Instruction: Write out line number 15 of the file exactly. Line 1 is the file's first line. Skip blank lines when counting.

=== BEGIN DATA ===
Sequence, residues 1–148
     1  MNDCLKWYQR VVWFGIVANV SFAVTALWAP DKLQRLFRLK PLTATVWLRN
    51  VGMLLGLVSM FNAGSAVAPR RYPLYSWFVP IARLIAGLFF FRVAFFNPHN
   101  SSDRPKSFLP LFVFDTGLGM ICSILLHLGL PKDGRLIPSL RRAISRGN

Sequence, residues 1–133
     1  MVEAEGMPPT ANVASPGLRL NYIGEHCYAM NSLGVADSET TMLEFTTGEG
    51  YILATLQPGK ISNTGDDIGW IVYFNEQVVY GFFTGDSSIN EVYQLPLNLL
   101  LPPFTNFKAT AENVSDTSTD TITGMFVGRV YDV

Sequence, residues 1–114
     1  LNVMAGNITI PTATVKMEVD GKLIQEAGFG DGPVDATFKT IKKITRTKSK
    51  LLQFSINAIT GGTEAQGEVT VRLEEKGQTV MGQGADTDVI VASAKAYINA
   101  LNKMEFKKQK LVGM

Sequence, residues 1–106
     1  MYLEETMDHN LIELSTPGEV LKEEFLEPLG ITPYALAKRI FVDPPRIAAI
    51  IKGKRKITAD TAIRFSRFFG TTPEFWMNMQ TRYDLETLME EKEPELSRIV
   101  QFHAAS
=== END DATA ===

    51  IKGKRKITAD TAIRFSRFFG TTPEFWMNMQ TRYDLETLME EKEPELSRIV